Rachel Rudinger Receives NSF CAREER Award

Her work focuses on developing scientific methods to enhance LLMs' accuracy, fairness and cultural adaptability in reasoning about everyday situations.
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Rachel Rudinger, an assistant professor of computer science at the University of Maryland, has received a National Science Foundation (NSF) Faculty Early Career Development Program (CAREER) award to further her work on “Robust, Fair, and Culturally Aware Commonsense Reasoning in Natural Language.” Her research focuses on developing models for knowledge acquisition and commonsense reasoning. 

Rudinger is the principal investigator of the award, which is expected to total just under $600,000 over the next five years.

“I’ve always had a deep admiration for the National Science Foundation and its mission, so I am simultaneously thrilled and humbled that they’ve chosen to support my research vision,” Rudinger said. “I am fortunate to work with a group of outstanding Ph.D. students here at UMD, and it is gratifying to be able to support them through an award that could not have materialized without their hard work.”

The NSF CAREER award, known for its highly competitive nature, supports early-career faculty who have the potential to serve as academic role models in research and education.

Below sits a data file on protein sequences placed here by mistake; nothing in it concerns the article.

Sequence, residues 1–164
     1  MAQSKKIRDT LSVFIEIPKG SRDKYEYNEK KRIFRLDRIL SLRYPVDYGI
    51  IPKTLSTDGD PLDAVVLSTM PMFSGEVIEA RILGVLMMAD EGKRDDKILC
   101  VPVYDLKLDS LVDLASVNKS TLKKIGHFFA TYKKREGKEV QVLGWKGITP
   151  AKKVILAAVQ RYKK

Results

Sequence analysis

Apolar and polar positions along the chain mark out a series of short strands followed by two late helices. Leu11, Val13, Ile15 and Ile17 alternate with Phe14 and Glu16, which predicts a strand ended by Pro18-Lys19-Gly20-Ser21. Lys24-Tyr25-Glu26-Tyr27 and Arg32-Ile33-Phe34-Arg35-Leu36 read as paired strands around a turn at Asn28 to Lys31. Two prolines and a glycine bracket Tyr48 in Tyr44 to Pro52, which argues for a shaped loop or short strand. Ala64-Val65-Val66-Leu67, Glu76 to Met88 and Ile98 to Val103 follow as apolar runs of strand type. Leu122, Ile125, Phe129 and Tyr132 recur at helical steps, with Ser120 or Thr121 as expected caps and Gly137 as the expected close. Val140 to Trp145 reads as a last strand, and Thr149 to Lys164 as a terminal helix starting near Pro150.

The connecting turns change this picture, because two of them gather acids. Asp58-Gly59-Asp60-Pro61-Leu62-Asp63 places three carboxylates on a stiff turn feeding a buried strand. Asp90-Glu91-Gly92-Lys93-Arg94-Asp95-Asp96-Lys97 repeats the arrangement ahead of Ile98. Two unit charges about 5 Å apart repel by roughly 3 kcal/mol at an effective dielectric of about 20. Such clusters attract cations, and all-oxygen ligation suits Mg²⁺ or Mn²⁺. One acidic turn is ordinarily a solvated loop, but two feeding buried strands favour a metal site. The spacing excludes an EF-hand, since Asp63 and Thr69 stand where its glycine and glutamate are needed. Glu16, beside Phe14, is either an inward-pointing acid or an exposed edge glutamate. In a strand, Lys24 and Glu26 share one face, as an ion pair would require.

With large language models (LLMs) like OpenAI's ChatGPT gaining popularity and finding applications in high-stakes areas like education and mental health, their limitations have also become more evident. Despite their impressive capabilities, LLMs often falter in "common sense," revealing gaps in their reasoning about everyday scenarios. 

Rudinger's research aims to address these issues by focusing on enhancing the robustness, fairness and cultural adaptability of common-sense reasoning in LLMs.

"These problems in LLMs are real but difficult to measure, so a major objective for us is to advance the science of LLM evaluation in these areas," Rudinger shared. "My long-term vision is to work towards language technologies equipped with nuanced and unprejudiced reasoning skills that can adapt to meet the needs of a wider set of users across cultures."

The award will also support Rudinger's other goals, including developing a new curriculum and teaching materials that integrate her research findings into classroom instruction. This initiative is designed to nurture the next generation of scientists and engineers, equipping them with the knowledge to tackle complex problems in artificial intelligence.

Rudinger has appointments at the Computational Linguistics and Information Processing (CLIP) Lab and the University of Maryland Institute for Advanced Computer Studies (UMIACS). Before joining UMD, she was a Young Investigator at the Allen Institute for AI (AI2) and a visiting postdoc at the University of Washington.

Rudinger received her Ph.D. in computer science from Johns Hopkins University in 2019 and her B.S. in computer science from Yale University in 2013.

—Story by Samuel Malede Zewdu, CS Communications 


“Robust, Fair, and Culturally Aware Commonsense Reasoning in Natural Language” is supported by NSF grant #2339746 from NSF’s Division of Information and Intelligent Systems.

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